THORNDIKE — One of the Waldo County officials whose name appears on a letter that led to the mass resignation of all but one Thorndike firefighter is now claiming the memo was signed without his consent.

Owen Smith, director of the Waldo County Regional Communications Center, sent a follow-up note to the Select Board saying he does not agree with the concerns the first letter raised about former deputy fire chief George Russell.

“I am writing to assure you that I had no knowledge of the letter that you received from the County Fire Chiefs’ Association and the Fire Fighters Association until I was told about it on Tuesday of this week,” he wrote in the note dated Feb. 22. “I/we had no knowledge of this action and do not support it. We will continue to respond to calls in the Town of Thorndike as your response plans dictate.”

The document to which Smith refers, which was sent to Thorndike officials on Jan. 23, said that Russell had endangered the lives of other firefighters through poor leadership skills and a lack of training. It ultimately led to Russell’s resignation, along with the departure of chief Bill Isbister and 27 volunteer firefighters who were upset that the selectmen did not support Russell through the controversy.

New Thorndike Fire Chief John Levers, inside the department building on Tuesday, said he supports the ordinance to create a municipal fire department to replace the current organization, an issue that will be discussed and voted on this Saturday at the annual Town Meeting. Morning Sentinel photo by David Leaming

The town has since tapped a new chief, John Levers, and assistant chief, Reggie Cunningham, to lead the volunteer fire company. At least three other people have joined the department since firefighter and emergency medical technician Lauren Carter stood up at a Feb. 20 select board meeting as the only one willing to continue to serve Thorndike after Russell was forced out. At the annual Town Meeting on Saturday, residents will vote on whether to form a municipal fire department with more oversight from the town’s governing body.

Thorndike selectmen read Smith’s letter aloud during their last meeting on March 6.


Second Selectman Bob Carter said the new information does not change the way he feels about the situation.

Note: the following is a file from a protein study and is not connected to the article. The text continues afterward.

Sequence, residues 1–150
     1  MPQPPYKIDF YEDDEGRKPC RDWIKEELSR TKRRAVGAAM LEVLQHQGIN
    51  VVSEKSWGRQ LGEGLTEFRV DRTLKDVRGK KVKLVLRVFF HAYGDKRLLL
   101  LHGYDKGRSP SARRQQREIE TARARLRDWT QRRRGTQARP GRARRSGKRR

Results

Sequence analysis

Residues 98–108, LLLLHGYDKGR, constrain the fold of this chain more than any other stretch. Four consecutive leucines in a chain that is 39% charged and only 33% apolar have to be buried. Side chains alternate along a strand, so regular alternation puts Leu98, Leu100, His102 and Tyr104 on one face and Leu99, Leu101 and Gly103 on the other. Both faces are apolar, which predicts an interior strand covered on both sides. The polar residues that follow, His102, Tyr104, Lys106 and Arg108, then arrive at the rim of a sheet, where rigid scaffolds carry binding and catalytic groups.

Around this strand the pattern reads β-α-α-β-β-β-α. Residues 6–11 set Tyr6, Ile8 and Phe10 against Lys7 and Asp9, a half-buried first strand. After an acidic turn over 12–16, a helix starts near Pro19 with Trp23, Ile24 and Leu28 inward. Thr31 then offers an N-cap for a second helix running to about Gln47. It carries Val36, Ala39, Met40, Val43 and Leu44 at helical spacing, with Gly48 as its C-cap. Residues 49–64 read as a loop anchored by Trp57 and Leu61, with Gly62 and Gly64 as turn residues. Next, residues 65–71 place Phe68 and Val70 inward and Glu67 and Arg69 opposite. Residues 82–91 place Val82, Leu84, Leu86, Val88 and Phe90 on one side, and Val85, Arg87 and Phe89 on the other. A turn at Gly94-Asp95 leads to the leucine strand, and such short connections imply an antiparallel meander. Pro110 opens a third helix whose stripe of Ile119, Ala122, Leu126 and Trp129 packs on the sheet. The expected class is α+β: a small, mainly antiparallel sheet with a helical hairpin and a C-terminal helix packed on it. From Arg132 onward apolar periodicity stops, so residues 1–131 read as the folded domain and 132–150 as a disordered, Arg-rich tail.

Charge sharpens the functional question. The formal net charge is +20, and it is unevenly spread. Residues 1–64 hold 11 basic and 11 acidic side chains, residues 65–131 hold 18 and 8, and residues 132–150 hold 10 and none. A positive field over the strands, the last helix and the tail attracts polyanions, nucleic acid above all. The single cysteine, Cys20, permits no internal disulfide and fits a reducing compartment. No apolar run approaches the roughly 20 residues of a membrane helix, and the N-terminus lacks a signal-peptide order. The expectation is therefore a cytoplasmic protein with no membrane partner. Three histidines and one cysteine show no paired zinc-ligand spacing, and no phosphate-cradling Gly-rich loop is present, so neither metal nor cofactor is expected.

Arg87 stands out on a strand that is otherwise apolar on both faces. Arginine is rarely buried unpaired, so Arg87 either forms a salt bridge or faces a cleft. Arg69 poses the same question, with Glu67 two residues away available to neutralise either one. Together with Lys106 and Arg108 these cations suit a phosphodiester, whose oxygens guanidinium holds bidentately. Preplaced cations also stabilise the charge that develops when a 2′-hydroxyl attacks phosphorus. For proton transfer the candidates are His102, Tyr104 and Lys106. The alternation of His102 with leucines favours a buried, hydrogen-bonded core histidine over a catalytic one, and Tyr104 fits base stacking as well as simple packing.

“It’s nothing to us,” Carter said. “(Smith) just stated that he had nothing to do with it. There are still three others with entities that are pretty crucial in our decision making and that we kind of have to respect.”

The January letter is signed, “Respectfully,” then lists the following names, in order: Ken Clements, president of the Waldo County Firefighters Association; Bill Gillespie, president of the Waldo County Fire Chiefs Association; Dale Rowley, director of the Waldo County Emergency Management Agency; and Smith. Each of the names is typewritten, a point Smith made in his response letter.

“I think that you all realize that a ‘type written’ signature bears no weight if not signed by the person,” he wrote. Smith included a hand-drawn cursive signature at the bottom of his Feb. 22 note.

Smith said he found out about the letter on Feb. 19 after one of his supervisors confronted him about it.

“I said, ‘What letter?'” he said. “To say I was not very happy is putting it mildly. … This is not the way I do business personally or as the director of the Waldo County Communications Center.”


It is not fully clear how the letter from Waldo County officials was written. Smith said that members of the Waldo County Regional Communications Advisory Board had raised issues with the Thorndike Fire Department in at least one meeting but never discussed sending any document to Thorndike. Clements, Gillespie, Rowley and Smith all sit on that advisory board, along with a handful of other emergency service officials including Waldo County Sheriff Jeff Trafton and Belfast Police Chief Michael McFadden.

“During meetings of the advisory board, we talk about problems we encounter with agencies,” Smith said. “Have there been problems with the Thorndike Fire Department? Yes. But there was no authorization by the board to send this letter to the town of Thorndike, and certainly not to personalize it.”

Rowley said that “Gillespie is the one that drafted it” and noted that he discussed its contents with Gillespie in person but did not remember if he agreed to put his name on it.

“That’s kind of hard to describe,” Rowley said in response to a question on how his name made it onto the document that was sent to Thorndike officials. “I had read the letter and I supported that it be sent to the selectmen of the town, (but I was) hoping that it would be dealt with as an employee issue (in executive session).”

Gillespie declined to answer questions about the process of drafting the letter, who helped him with the language and whether he reached out directly to Smith before adding him as a signatory.

“I have no comment,” Gillespie said. “I’m not digging any more into it. I’ve read your story, and there’s no more comment for me. The process has taken place.”


Meg Robbins — 861-9239
[email protected]
Twitter: @megrobbins

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